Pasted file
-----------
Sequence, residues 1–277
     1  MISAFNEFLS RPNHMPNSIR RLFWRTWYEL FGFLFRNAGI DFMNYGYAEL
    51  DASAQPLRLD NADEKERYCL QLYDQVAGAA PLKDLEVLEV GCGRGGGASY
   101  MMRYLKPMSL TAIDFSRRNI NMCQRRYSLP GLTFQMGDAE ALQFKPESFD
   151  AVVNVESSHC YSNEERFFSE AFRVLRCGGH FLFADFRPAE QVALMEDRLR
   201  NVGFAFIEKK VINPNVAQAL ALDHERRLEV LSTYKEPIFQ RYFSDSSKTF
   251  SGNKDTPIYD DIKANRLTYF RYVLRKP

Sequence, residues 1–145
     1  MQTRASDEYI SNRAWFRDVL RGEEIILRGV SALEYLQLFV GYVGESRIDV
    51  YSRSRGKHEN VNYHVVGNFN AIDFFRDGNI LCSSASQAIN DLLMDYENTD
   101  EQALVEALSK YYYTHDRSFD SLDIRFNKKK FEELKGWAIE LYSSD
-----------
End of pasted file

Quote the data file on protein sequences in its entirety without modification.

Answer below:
Sequence, residues 1–277
     1  MISAFNEFLS RPNHMPNSIR RLFWRTWYEL FGFLFRNAGI DFMNYGYAEL
    51  DASAQPLRLD NADEKERYCL QLYDQVAGAA PLKDLEVLEV GCGRGGGASY
   101  MMRYLKPMSL TAIDFSRRNI NMCQRRYSLP GLTFQMGDAE ALQFKPESFD
   151  AVVNVESSHC YSNEERFFSE AFRVLRCGGH FLFADFRPAE QVALMEDRLR
   201  NVGFAFIEKK VINPNVAQAL ALDHERRLEV LSTYKEPIFQ RYFSDSSKTF
   251  SGNKDTPIYD DIKANRLTYF RYVLRKP

Sequence, residues 1–145
     1  MQTRASDEYI SNRAWFRDVL RGEEIILRGV SALEYLQLFV GYVGESRIDV
    51  YSRSRGKHEN VNYHVVGNFN AIDFFRDGNI LCSSASQAIN DLLMDYENTD
   101  EQALVEALSK YYYTHDRSFD SLDIRFNKKK FEELKGWAIE LYSSD